Despite our qualms with the back of the EVO 3D, we do believe it will endure regular wear and tear and should hold up in the long run, but we do suggest grabbing yourself a case for it.
Screw 3D, Sense 3.0 is the real reason to grab this phone. HTC has updated its Android software in so many ways that its easy to forget about the 3D aspect of the phone. Yes, it's still the Sense you've seen before, but it has several tricks up its sleeve.
The best new addition to Sense 3.0 is the lock screen. It's been redesigned in a way that we've never seen before and tops very other phone out there. Instead of the slide to unlock, Sense 3.0 basically gives you a home screen on your lock screen that is heavily customizable. There are six different lock screens you can choose from; some better than others. For example if you choose the Friend Stream lock screen, every time you hit that power button you'll be greeted with the latest updates from you social networks and other will be floating behind it. From there, you can easily swipe through the updates. Easy and brilliant.
On the bottom of the lock screen is a circle that you drag to the middle of the screen to unlock, which is quite different than your standard Android lock screen and even previous versions of Sense. Four customizable applications line the bottom of the screen, right above the circle. You can easily jump into one of these applications by dragging the apps into the circle on the bottom, and away you go. Honestly, I'd like a developer to rip the lock screen from Sense and allow it to be on any device, because not only does it look amazing, it's quite functional, too.
After you get past the amazing lock screen, you'll be greeted by your standard Sense home screens, but you may have noticed that the animation is different from other version of the custom skin. Sense 3.0 introduced a 3D carousal-like setup for the home screens, and if you swipe fast enough the screens will zoom out and spin in a loop until it eventually slows down. Thanks to the blazing fast 1.2GHz dual-core processor, these heavy animations move across your screen like butter.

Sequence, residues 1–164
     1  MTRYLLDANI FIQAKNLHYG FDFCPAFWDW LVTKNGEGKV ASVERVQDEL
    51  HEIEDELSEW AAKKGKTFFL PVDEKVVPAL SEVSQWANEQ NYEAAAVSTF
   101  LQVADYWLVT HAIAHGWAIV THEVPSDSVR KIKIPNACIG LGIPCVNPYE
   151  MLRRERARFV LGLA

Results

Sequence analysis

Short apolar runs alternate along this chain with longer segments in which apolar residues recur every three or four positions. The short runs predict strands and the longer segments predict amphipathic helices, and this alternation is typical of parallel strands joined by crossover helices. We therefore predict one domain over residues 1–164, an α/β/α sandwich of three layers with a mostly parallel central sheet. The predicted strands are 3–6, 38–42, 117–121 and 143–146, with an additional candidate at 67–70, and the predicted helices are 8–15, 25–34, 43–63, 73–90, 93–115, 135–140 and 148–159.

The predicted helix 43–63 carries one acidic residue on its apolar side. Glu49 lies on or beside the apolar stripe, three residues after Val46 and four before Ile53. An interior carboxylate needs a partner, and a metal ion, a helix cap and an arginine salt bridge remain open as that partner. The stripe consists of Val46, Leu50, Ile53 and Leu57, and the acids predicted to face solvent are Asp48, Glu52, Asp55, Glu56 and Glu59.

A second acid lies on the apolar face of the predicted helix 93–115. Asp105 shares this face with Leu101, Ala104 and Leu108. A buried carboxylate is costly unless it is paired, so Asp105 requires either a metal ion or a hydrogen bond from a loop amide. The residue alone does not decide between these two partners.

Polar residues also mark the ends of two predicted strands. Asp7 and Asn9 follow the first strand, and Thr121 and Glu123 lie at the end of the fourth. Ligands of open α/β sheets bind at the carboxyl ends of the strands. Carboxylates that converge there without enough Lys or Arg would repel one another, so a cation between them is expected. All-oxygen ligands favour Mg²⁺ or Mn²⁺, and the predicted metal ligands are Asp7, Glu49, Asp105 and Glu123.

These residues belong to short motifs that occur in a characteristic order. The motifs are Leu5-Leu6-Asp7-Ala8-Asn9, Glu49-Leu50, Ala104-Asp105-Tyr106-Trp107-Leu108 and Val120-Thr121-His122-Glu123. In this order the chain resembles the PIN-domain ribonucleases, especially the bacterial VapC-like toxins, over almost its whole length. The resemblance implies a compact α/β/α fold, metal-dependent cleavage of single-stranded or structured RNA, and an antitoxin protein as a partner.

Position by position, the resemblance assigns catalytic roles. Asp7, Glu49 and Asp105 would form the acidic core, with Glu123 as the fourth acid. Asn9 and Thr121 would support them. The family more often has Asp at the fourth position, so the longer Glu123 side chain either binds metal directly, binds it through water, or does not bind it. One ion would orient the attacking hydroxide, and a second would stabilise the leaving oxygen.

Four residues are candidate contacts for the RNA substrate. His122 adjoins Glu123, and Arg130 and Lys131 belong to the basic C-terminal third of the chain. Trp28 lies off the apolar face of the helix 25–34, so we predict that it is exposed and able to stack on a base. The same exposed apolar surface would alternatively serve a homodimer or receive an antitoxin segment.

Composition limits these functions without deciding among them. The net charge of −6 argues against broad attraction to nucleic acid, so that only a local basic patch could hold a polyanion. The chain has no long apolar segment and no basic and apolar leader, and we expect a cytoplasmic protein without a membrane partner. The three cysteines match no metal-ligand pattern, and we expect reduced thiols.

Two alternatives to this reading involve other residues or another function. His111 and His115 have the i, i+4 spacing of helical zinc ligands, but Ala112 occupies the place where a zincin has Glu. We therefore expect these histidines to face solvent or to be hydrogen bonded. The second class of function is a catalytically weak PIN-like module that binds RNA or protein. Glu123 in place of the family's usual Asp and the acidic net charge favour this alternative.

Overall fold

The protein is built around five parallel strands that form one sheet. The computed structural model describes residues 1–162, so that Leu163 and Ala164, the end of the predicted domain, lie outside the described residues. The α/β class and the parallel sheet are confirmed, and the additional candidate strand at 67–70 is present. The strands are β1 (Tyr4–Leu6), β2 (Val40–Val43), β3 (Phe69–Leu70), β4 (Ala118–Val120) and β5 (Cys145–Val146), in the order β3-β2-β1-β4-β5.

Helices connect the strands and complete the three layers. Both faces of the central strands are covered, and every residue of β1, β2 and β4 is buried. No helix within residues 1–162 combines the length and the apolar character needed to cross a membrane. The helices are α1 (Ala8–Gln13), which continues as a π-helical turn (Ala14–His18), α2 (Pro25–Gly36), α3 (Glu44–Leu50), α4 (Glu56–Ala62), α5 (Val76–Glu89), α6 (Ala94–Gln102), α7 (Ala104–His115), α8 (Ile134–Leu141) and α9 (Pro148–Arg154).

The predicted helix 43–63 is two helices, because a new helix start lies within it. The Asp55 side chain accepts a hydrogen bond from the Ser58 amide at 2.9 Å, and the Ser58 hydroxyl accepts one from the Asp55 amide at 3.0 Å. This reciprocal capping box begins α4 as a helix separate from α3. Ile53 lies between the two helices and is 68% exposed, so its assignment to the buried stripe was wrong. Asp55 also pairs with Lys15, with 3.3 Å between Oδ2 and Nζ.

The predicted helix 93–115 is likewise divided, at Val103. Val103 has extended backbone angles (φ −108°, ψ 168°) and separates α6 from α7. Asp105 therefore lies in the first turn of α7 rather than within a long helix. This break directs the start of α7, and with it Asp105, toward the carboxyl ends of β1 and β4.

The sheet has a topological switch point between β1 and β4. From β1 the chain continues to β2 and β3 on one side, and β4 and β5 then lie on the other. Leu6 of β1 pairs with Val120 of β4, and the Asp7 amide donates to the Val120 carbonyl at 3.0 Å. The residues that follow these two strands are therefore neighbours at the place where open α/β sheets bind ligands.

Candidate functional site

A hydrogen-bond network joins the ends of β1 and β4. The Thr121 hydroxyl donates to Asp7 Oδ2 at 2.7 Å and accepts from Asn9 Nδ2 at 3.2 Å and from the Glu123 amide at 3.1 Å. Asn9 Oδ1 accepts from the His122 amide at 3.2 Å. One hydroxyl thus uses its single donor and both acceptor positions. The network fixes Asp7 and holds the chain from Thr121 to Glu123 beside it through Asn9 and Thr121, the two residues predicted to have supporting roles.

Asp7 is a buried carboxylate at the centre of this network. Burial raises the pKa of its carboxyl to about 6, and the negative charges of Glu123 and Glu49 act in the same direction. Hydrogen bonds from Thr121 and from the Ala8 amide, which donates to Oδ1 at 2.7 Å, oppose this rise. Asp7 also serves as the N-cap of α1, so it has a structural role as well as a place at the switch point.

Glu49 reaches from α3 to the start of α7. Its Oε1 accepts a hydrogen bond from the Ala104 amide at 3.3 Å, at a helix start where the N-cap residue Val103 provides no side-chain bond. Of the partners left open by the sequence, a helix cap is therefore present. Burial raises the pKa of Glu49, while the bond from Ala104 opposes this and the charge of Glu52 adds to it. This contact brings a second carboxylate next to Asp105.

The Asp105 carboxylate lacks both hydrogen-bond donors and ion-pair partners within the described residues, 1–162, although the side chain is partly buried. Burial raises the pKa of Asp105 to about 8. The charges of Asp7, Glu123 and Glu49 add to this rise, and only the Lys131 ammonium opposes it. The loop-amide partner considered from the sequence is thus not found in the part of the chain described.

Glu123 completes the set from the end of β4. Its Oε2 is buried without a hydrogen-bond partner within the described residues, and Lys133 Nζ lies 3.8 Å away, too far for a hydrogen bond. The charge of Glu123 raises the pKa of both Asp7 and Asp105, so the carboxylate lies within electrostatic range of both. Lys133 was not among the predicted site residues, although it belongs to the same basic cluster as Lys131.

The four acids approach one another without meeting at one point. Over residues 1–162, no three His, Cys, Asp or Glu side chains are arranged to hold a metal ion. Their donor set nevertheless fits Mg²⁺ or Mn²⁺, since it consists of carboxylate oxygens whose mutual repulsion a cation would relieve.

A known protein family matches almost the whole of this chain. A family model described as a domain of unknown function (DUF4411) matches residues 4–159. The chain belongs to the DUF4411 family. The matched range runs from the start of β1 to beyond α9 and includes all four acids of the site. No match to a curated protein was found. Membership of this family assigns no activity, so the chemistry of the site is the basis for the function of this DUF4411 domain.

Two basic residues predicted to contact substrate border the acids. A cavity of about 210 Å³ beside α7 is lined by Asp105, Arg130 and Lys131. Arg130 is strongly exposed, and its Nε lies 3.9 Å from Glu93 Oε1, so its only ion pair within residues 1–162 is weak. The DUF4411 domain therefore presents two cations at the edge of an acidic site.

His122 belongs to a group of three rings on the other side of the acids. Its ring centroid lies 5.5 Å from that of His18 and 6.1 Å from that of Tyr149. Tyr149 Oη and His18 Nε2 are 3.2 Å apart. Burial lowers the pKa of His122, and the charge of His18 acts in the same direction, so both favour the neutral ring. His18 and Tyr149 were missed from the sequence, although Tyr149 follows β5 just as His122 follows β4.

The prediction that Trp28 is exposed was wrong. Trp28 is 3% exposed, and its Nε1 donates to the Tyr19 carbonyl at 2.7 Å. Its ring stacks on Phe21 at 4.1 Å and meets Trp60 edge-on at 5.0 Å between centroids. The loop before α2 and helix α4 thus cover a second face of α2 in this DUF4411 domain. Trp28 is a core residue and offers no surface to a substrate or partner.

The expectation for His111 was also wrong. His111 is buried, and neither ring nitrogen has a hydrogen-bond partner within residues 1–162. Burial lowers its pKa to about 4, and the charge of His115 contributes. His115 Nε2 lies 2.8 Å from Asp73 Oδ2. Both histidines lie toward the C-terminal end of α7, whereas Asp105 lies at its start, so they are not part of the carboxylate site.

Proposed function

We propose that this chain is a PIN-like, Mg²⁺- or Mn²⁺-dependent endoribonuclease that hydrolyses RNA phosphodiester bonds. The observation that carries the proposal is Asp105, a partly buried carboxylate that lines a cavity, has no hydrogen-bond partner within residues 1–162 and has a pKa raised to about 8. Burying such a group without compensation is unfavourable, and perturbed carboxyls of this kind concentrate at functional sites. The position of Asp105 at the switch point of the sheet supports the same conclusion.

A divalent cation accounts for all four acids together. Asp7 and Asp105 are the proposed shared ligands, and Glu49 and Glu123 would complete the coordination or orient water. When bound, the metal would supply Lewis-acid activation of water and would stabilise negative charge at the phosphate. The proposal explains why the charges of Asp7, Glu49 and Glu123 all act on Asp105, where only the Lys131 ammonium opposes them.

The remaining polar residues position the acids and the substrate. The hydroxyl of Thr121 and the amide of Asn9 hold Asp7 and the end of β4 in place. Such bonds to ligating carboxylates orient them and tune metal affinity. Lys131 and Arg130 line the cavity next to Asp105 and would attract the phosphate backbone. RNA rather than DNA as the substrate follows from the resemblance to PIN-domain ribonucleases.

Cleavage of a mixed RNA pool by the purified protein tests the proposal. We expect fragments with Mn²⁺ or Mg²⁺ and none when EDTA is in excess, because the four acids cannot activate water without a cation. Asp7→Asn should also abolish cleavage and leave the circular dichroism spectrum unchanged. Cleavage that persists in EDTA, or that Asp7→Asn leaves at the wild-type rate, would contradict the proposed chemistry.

Other useful updates in Sense 3.0 are in the notification bar, which has a separate tab at the bottom for Quick Settings. It doesn't get in the way, and you can easily access WiFi, Hotspot, mobile networks, 4G, Bluetooth, GPS, how much memory you have in the phone, or go straight to the settings menu.
Even with the nice amount of updates in version 3.0, Sense is still easy to navigate. You're given seven home screen panels to customize with applications and widgets, and many of the widgets are provided by HTC. These widgets range from clocks to stocks, weather, Twitter, other social networks, and more.
Sense also has a good amount of bloatware on it that is just unnecessary. Apps like Footprints are nice to have, but you'll likely never use it. HTC also provides you with an application called mirror, which basically uses your front-facing camera to use as a mirror. We know it's not that hard to use the front-facing camera in the camera application, and it's applications like this that made devices like the Desire not get the Gingerbread update. Luckily, if you bitch enough, HTC will strip out some of its bloatware so it can fit in the latest update of the OS and its Sense UI.
Unlike the Optimus 3D, the EVO 3D doesn't have a dedicated 3D UI packaged along with the phone. This is a bit disappointing because the superior screen likely showcase the technology better, but that's not the case. You're given The Green Hornet in 3D, along with a 3D Spider-Man game, and an app called 3D games that's basically a link to Gameloft's website. This is another place where the Optimus 3D bests HTC's offering, as it has many more games available. For a glasses-free 3D device, HTC could have done a much better job at showcasing the technology. While it would get a bit old after a while, we'd love to see the Sense UI in 3D.
The EVO 3D ships with a 1.2GHz dual-core processor, so we put it to the test to see just how powerful the chipset is. We ran the tests three times each, and the averages are below.
Quadrant (System Benchmark) - 1978
Neocore (Graphics Benchmark) - 60.4
Linpack (Processor Benchmark) - 43.093
The web browser for the EVO 3D hasn't changed at all from earlier versions of the Sense UI, and we're just fine with that. HTC has customized the browser and it looks better than most you'd find on Android devices today and many more features that provide of one the best experiences.